Dismiss Notice

Welcome To CK5!

Registering is free and easy! Hope to see you on the forums soon.

Score a FREE t-shirt and membership sticker when you sign up for a Premium Membership and choose the recurring plan.

Firearm caliber question

Discussion in 'The Lounge' started by newyorkin, Oct 5, 2005.

  1. newyorkin

    newyorkin 1 ton status

    Joined:
    May 8, 2001
    Posts:
    16,555
    Likes Received:
    157
    Location:
    Los Estados Unitos
    I was going to hijack Surpip's mossberg thread, but thought that was rude...

    At the risk of sounding like an idiot...

    I'm having issue's understanding caliber. I understand metric (9mm, etc), but I'm not really grasping the measurement technique that makes a S&W .500 not the same as a .50, but the .223 is similar in diameter to a .22 (yes, I know they're completely different rounds).
    I know they're all very different size/power rounds, that's pretty obvious from the rounds themselves, etc, but how is caliber measured that zero's after the decimal matter?

    My original understanding of caliber was that it was a very old measurement system that measured the diameter and number of ball bearings that could fit across a breech or something like that (I barely remember it).
     
  2. Inu-Hanyou1776

    Inu-Hanyou1776 1/2 ton status

    Joined:
    Oct 1, 2005
    Posts:
    1,345
    Likes Received:
    0
    Location:
    Murphy, NC
    I think the method you're referring to may be the method used to determine shotgun gauge. The non-metric caliber measurement of a rifled gun for handguns and rifles is given in inches. That means a .45 caliber gun has an internal barrel diameter of .45 inches. I think what they may be talking about in comparing .500 to .50 is that more precise equipment was used in making the .500's barrel, meaning it's more precisely made I guess...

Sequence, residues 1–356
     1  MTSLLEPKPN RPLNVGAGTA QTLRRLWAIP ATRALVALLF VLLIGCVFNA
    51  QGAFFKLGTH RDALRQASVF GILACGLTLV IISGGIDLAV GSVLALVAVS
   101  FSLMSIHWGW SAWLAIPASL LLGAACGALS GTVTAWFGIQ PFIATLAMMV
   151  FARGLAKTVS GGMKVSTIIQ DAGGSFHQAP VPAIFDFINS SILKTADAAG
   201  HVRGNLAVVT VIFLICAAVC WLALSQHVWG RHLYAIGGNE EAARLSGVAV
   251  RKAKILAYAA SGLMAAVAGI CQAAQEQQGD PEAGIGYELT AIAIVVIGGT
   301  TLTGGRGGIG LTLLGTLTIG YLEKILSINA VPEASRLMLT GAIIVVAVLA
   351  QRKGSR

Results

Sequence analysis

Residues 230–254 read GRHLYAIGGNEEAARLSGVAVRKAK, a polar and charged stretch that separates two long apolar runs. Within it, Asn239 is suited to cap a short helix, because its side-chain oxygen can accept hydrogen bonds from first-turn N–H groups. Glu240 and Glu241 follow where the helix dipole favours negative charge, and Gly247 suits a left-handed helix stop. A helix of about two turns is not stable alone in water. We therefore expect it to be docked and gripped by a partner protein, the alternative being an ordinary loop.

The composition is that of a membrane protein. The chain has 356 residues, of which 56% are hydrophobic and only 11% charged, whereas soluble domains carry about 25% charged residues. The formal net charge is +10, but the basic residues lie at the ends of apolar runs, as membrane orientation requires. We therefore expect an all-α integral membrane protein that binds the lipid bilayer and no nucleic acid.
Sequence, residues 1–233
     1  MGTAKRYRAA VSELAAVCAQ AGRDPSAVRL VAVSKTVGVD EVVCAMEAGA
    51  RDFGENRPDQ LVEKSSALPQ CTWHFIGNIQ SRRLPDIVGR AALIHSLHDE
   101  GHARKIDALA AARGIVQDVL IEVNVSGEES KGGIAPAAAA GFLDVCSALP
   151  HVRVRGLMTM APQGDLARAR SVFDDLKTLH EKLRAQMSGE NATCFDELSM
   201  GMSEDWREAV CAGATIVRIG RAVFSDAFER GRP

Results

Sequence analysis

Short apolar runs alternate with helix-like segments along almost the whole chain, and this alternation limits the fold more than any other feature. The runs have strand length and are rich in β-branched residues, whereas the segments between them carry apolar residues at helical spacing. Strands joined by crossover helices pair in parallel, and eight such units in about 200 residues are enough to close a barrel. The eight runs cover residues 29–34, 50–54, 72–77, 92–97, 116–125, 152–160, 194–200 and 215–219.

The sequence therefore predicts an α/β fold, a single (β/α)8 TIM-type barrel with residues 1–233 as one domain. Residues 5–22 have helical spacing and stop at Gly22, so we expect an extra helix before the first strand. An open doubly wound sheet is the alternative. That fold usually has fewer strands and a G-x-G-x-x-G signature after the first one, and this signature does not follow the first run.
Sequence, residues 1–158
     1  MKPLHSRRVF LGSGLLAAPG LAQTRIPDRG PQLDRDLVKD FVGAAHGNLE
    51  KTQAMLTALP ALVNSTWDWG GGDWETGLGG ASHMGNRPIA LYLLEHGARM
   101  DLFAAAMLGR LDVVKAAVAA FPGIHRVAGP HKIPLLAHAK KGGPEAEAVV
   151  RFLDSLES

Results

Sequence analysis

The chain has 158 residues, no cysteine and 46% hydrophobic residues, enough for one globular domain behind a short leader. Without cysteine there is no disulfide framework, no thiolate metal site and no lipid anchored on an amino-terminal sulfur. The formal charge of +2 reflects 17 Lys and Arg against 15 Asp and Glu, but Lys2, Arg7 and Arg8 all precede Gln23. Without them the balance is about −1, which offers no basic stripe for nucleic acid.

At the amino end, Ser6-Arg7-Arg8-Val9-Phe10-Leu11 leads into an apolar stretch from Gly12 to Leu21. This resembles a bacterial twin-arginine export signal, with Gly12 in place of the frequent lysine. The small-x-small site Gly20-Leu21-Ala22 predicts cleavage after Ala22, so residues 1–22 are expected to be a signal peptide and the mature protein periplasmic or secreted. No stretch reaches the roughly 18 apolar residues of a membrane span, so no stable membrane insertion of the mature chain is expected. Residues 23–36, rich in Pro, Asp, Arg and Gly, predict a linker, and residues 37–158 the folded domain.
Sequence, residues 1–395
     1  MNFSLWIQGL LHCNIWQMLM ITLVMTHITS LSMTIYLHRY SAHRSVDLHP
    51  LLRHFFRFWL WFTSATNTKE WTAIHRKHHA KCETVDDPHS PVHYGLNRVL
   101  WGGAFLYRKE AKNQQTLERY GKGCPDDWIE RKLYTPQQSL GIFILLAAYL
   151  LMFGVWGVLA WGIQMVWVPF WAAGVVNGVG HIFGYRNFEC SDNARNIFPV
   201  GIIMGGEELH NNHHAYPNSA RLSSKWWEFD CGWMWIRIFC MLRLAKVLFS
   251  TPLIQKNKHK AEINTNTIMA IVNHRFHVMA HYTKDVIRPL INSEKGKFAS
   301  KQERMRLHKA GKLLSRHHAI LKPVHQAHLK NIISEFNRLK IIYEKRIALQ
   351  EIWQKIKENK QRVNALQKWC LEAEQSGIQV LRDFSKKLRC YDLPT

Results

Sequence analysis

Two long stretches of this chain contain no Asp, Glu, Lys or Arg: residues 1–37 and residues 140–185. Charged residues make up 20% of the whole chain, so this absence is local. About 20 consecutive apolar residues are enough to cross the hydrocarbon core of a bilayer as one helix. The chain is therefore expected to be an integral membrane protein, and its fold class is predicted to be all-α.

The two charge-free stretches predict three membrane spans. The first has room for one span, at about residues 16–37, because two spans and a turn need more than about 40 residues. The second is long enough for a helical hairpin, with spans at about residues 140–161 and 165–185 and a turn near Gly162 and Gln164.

3. Resurrection_Joe

    Resurrection_Joe 1 ton status

    Joined:
    Jan 9, 2002
    Posts:
    17,372
    Likes Received:
    0
    Location:
    Gettysburg, SD
    Lah lah lah lah lah

    http://en.wikipedia.org/wiki/Caliber

    It's not all exact

    9mm .38 .357 all can be fired from the same barrel

    .45ACP .45LC .454 Casull and .460 XVR all can be fired from the same barrel
     
  4. BurbLover

    BurbLover 1/2 ton status

    Joined:
    Jul 31, 2001
    Posts:
    3,060
    Likes Received:
    0
    Location:
    SW Missouri
    Thanks RJ. Very informative link. :waytogo:
     
  5. Resurrection_Joe

    Resurrection_Joe 1 ton status

    Joined:
    Jan 9, 2002
    Posts:
    17,372
    Likes Received:
    0
    Location:
    Gettysburg, SD
  6. readymix

    readymix 3/4 ton status

    Joined:
    May 30, 2004
    Posts:
    6,706
    Likes Received:
    26
    Location:
    Murrieta, California
    As far as the gun i worked with in the US Navy we describe caliber like this.

    Barrel Diameter = 5"
    Barrel Length = 270"
    Divide the two and you get 54 Caliber...

    Don't know about small arms though.
     
  7. 3 on the tree

    3 on the tree 1/2 ton status

    Joined:
    Oct 16, 2004
    Posts:
    3,970
    Likes Received:
    0
    Location:
    gunnison colorado
    There really is no hard and fast rule on centerfire caliber designations. All that I know of, give a clue of the bullet diameter, such as .220 Swift. After that, its up to the manu to label it. For black powder cartridges, it was usually pretty simple: 45-70-405 indicated a .45 caliber slug loaded with 70 grains of powder, the slug weighing 405 grains. The 30-30 Winchester is .30 caliber with 30 grains of powder, 44-40 winchester .44 caliber w/40 grains. If you see an "R" at the end of the caliber, that means it has a rimmed case, like a 30-30, except most US calibers didn't use this designation, just Euros. The .38 spec is really more like .357 caliber. The early .38s had a slug that was actually larger diam than the case. The military designations get really confusing, like 30/06- means .30 caliber, adopted in 1906, but 30-40 Krag means .30 caliber with 40 grains of powder! .45 ACP is .45 caliber Autoloading Colt Pistol. Its a large can of worms, trying to figure it all out, so don't feel bad.
     
  8. ntsqd

    ntsqd 1/2 ton status

    Joined:
    Nov 28, 2002
    Posts:
    3,381
    Likes Received:
    0
    Location:
    So. CA
    I'm thinking that "Gauge" may also be confusing the issue. A "12 Gauge" shotgun has a bore size which would take 12 lead balls of that bore size to equal one pound. Who came up with that? :doah: :doah: :doah:

    The mis-labeling of calber size, e.g. Weatherby's .460 Magnum really being a .458" diameter, is pure marketing. After all, as Weatherby you can't have your largest caliber seen to be equal to or smaller than the Winchester .458 Win Mag, Can you?

    Then you get into metric-Imperial conversions. The .264 Mag is very close in performance to the 6.5mm Mag since they are nearly identical cases and have the same bore size.

    I've found no better book than John Donnelly's for looking up all of the various cartridges.
     
  9. surpip

    surpip 1 ton status

    Joined:
    Apr 7, 2004
    Posts:
    10,877
    Likes Received:
    0
    Location: